Accumulation of fibroblasts is a phenomenon that significantly correlates with formation of aggressive cancers. While studies have shown that the TGF-β signaling pathway is an important regulator of fibroblast activation, the functional contribution of TGF-β signaling in fibroblasts during multi-step tumor progression remains largely unclear. In previous studies, we used a sub-renal capsule transplantation model to demonstrate that homozygous knockout of the Tgfbr2 gene (Tgbr2(FspKO)) enhanced mammary tumor growth and metastasis. Here, we show for the first time a significant role for loss of one Tgfbr2 allele during multi-step mammary tumor progression. Heterozygous deletion of Tgfbr2 in stromal cells in MMTV-PyVmT transgenic mice (PyVmT/Tgfbr2(hetFspKO) mice) resulted in earlier tumor formation and increased stromal cell accumulation. In contrast to previous studies of Tgbr2(FspKO) fibroblasts, Tgfbr2(hetFspKO) fibroblasts did not significantly increase tumor growth, but enhanced lung metastasis in PyVmT transgenic mice and in co-transplantation studies with PyVmT mammary carcinoma cells. Furthermore, Tgfbr2(hetFspKO) fibroblasts enhanced mammary carcinoma cell invasiveness associated with expression of inflammatory cytokines including CXCL12 and CCL2. Analyses of Tgbr2(FspKO) and Tgfbr2(hetFspKO) fibroblasts revealed differences in the expression of factors associated with metastatic spread, indicating potential differences in the mechanism of action between homozygous and heterozygous deletion of Tgfbr2 in stromal cells. In summary, these studies demonstrate for the first time that loss of one Tgfbr2 allele in fibroblasts enhances mammary metastases in a multi-step model of tumor progression, and demonstrate the importance of clarifying the functional contribution of genetic alterations in stromal cells in breast cancer progression.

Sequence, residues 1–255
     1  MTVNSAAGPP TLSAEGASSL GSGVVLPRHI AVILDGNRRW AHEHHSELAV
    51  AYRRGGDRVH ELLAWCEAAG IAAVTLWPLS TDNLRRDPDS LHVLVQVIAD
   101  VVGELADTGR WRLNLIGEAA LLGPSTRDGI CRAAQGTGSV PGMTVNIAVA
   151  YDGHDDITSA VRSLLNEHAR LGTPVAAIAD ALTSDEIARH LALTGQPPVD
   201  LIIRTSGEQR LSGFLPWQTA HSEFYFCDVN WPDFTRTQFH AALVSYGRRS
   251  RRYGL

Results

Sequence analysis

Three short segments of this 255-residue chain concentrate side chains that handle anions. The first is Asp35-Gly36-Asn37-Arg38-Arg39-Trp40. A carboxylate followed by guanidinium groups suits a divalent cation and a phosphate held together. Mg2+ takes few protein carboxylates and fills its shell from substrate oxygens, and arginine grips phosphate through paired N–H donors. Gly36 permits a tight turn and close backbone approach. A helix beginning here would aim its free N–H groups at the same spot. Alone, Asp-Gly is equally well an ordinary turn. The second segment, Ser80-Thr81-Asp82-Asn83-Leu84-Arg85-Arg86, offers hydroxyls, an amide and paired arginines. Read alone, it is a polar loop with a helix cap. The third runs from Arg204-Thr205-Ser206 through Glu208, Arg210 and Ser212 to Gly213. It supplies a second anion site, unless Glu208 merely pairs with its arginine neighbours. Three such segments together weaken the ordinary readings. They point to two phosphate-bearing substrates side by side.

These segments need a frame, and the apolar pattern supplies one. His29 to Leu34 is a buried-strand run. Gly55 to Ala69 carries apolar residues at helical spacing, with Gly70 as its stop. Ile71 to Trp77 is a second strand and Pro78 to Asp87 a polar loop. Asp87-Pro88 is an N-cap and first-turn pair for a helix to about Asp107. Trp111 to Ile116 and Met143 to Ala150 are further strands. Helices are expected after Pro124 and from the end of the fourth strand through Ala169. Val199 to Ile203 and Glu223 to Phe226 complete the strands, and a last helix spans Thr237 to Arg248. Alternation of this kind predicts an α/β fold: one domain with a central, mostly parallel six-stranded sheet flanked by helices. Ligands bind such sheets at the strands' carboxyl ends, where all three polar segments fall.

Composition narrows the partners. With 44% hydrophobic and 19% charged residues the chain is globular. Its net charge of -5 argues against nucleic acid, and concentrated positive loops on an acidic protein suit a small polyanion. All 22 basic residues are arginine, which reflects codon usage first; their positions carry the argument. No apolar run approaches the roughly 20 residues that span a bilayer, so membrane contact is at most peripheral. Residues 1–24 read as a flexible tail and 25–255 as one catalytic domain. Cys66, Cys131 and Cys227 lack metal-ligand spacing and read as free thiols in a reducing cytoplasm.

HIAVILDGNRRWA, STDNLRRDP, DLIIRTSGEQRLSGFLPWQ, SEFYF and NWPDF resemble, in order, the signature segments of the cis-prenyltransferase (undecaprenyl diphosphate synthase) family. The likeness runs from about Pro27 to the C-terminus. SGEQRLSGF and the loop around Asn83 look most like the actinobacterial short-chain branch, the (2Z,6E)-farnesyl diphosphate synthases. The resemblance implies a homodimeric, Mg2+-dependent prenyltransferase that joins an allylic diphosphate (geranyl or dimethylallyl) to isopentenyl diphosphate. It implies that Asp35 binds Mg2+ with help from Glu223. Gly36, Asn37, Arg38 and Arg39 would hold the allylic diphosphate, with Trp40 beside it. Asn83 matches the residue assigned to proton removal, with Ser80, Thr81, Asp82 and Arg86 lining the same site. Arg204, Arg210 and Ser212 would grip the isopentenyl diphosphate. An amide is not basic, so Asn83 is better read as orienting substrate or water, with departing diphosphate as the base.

Overexpression of the receptor tyrosine kinase EPH receptor A2 (EphA2) is commonly observed in aggressive breast cancer and correlates with a poor prognosis. However, while EphA2 has been reported to enhance tumorigenesis, proliferation, and MAPK activation in several model systems, other studies suggest that EphA2 activation diminishes these processes and inhibits the activity of MAPK upon ligand stimulation. In this study, we eliminated EphA2 expression in 2 transgenic mouse models of mammary carcinoma. EphA2 deficiency impaired tumor initiation and metastatic progression in mice overexpressing ErbB2 (also known as Neu) in the mammary epithelium (MMTV-Neu mice), but not in mice overexpressing the polyomavirus middle T antigen in mammary epithelium (MMTV-PyV-mT mice). Histologic and ex vivo analyses of MMTV-Neu mouse mammary epithelium indicated that EphA2 enhanced tumor proliferation and motility. Biochemical analyses revealed that EphA2 formed a complex with ErbB2 in human and murine breast carcinoma cells, resulting in enhanced activation of Ras-MAPK signaling and RhoA GTPase. Additionally, MMTV-Neu, but not MMTV-PyV-mT, tumors were sensitive to therapeutic inhibition of EphA2. These data suggest that EphA2 cooperates with ErbB2 to promote tumor progression in mice and may provide a novel therapeutic target for ErbB2-dependent tumors in humans. Moreover, EphA2 function in tumor progression appeared to depend on oncogene context, an important consideration for the application of therapies targeting EphA2.